A discussion of branding can lead to a certain ambivalence or skepticism about the term, and what it stands for. This skepticism extends, in my mind, to certain aspects of corporate car branding, and I wonder if these questions can also feature in notions of personal branding. For example, is building a brand really founded on authentic, credible reputation management or could some of it be classified as “smoke and mirrors?”
A case in point: I heard a recent media report saying that behemoth carmaker General Motors (GM) was moving its Cadillac marketing staff from Detroit to New York City – not the actual design, engineering and manufacturing staff mind you, just the marketing people. Apparently, the high-end luxury models Cadillac sells are losing market share to foreign upscale brands such as Porsche. The corporate thinking behind GM’s move appears to be that by moving the marketing and branding employees to a trendy district in the Big Apple, “the bright lights of the big city” will impart more cachet to the Cadillac brand. Eventually, the thought seems to be, the perceived “sizzle” of New York will be reflected in the Cadillac brand, thereby enabling it to better compete with its upmarket German rival.
I’m curious about the wisdom of GM’s decision to relocate its Cadillac marketing staff. Admittedly, the Big Apple is known for having high-profile and sophisticated cultural, artistic and media life. On the other hand, for example, a significant number, perhaps even the majority, of residents of New York are known to favour the subway, train, bus or some other non-car form of travel in the city, particularly when commuting to and from work. Compared to the more freewheeling car culture of say, Los Angeles, New York’s predominant car orientation seems to be decidedly “pedestrian” (pun intended).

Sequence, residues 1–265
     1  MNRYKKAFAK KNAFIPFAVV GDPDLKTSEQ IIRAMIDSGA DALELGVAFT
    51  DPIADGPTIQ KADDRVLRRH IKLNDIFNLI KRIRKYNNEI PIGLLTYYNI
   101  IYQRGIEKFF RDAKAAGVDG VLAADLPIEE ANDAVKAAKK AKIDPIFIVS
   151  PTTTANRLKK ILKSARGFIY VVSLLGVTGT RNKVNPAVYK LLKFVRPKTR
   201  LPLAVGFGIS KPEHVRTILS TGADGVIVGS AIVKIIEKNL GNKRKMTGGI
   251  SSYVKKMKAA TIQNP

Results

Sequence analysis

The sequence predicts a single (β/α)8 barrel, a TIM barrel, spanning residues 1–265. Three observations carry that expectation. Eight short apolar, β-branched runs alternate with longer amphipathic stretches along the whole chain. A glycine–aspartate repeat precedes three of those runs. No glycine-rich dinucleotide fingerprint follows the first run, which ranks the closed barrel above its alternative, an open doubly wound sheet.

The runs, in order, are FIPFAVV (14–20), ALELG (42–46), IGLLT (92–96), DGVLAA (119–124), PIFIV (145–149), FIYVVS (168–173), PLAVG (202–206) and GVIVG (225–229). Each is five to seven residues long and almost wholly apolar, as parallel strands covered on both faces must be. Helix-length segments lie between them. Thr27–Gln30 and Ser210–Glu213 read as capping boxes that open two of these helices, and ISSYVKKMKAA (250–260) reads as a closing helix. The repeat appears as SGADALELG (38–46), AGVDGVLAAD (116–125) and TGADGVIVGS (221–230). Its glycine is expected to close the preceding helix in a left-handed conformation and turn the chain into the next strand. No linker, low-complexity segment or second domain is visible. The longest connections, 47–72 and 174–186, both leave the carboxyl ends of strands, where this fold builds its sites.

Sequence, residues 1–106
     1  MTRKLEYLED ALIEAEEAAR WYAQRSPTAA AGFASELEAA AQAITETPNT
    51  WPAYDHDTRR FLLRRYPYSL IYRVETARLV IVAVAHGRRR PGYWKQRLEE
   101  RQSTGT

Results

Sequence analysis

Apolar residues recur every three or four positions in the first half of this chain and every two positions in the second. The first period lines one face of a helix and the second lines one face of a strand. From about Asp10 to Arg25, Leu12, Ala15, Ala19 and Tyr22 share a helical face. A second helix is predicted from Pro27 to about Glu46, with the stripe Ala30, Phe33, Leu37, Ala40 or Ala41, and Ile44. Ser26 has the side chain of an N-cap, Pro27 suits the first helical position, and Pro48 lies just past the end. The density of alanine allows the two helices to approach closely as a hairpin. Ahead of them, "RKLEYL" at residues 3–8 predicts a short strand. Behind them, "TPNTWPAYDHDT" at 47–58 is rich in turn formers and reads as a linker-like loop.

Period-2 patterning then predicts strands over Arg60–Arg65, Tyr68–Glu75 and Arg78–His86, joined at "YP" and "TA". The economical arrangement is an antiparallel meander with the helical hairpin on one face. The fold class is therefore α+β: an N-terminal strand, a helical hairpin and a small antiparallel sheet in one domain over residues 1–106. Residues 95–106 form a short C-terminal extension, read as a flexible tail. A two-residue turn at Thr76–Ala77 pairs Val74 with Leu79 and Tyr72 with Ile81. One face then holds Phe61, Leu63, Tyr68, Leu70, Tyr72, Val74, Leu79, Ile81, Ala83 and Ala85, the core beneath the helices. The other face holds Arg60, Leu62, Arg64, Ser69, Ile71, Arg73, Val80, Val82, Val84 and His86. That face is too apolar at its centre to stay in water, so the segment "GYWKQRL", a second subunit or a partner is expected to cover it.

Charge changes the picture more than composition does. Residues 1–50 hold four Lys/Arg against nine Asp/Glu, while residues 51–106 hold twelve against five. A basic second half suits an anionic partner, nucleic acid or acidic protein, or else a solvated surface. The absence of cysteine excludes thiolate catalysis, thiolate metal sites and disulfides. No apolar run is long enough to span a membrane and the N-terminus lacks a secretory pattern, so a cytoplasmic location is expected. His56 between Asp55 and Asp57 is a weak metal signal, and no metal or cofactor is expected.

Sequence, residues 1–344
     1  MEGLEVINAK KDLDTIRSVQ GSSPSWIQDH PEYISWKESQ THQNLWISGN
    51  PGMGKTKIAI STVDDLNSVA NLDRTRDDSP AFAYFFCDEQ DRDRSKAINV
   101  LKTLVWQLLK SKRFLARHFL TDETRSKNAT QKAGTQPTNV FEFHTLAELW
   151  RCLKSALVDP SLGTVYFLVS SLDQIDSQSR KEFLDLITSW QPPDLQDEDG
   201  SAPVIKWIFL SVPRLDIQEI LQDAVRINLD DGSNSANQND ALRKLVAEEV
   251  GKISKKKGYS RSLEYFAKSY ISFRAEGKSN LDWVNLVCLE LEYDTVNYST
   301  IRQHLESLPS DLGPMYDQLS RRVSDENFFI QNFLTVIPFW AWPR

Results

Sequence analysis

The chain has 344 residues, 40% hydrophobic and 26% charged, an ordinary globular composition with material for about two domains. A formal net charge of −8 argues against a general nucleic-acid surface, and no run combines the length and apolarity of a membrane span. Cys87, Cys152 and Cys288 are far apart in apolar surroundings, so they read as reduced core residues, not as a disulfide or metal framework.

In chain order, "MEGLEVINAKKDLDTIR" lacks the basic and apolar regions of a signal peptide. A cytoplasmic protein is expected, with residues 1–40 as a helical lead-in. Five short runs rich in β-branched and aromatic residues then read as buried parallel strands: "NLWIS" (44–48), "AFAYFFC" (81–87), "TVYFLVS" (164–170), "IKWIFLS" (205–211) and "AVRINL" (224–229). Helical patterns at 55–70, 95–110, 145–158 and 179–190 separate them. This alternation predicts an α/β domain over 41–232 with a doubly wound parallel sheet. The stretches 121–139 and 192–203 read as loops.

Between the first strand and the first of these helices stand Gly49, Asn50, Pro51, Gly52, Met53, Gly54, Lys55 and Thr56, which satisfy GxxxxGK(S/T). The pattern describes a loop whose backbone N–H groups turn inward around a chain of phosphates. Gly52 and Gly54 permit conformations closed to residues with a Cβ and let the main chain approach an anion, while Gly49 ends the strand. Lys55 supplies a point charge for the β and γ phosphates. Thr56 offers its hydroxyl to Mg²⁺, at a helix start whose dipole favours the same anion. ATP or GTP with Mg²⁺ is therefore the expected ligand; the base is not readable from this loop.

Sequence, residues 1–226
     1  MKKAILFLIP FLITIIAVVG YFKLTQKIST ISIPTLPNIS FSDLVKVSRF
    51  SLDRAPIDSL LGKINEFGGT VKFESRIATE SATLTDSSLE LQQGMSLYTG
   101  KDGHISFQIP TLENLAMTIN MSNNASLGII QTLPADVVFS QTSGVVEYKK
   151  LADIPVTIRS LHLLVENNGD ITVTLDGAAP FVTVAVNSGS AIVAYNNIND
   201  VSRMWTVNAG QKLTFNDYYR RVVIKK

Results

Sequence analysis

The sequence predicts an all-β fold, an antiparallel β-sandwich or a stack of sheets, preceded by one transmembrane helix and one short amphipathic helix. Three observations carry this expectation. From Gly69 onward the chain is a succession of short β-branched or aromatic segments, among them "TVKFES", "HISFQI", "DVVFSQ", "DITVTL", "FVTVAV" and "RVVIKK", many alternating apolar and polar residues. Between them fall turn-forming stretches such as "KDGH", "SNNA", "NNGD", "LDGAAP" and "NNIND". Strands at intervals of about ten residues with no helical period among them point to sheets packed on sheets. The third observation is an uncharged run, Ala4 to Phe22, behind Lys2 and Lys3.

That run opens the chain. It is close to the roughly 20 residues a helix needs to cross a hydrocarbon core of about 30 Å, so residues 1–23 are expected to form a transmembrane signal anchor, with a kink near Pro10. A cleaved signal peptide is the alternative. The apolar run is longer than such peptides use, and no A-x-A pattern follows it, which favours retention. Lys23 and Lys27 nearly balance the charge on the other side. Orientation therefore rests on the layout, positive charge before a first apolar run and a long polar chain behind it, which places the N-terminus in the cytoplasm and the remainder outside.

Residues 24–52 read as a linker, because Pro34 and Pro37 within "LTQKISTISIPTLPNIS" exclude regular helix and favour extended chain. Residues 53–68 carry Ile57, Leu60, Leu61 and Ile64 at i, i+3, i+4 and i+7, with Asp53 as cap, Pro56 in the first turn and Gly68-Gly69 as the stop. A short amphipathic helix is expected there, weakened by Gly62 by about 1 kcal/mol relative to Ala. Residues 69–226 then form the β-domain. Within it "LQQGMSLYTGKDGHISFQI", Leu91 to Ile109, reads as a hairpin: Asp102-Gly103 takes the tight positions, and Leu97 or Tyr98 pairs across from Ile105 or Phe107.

Will GM’s marketing staff be able to translate the hipster vibe of New York into an enhanced Cadillac brand? Or, is the world-class cachet of New York even enough to overcome the limitations of engineering and manufacturing that may be inherent in the Cadillac product. In other words: can or should the hype of the “sizzle” overcome the drawbacks of the “steak?” My sense is solid branding can enhance solid engineering, but unless the product is solid at the outset the resulting “disconnect” between what is said to be offered and what is actually offered can be problematic for the brand.
Brandchannel, a website dedicated to discussing brands, talks about discipline and quality being two key features of car manufacturing and branding. In other words, build a better product and you can brand accordingly. This appears to be a key part of German car manufacturers’ approach, such as Porsche’s. Interestingly though, according to marketer Terry O’Reilly on a recent episode of his CBC radio program, “Under The Influence” , even though many German car brands including Porsche are ranked highly by the owners for their “gratification” (brand perception) in owning one, the German brands are not necessarily highly ranked in surveys of vehicle dependability. In fact, in many cases, German luxury carmakers trail by a large margin other brands such as the Japanese (Lexus) in vehicle quality. So even when the brand perception (gratification) of initial quality is evident, actual ongoing vehicle quality may not be!
What do the Cadillac and Porsche branding experiences suggest about personal branding? How do we best ensure that our personal brand is a credible and authentic image that is consistent with our own “product” offering?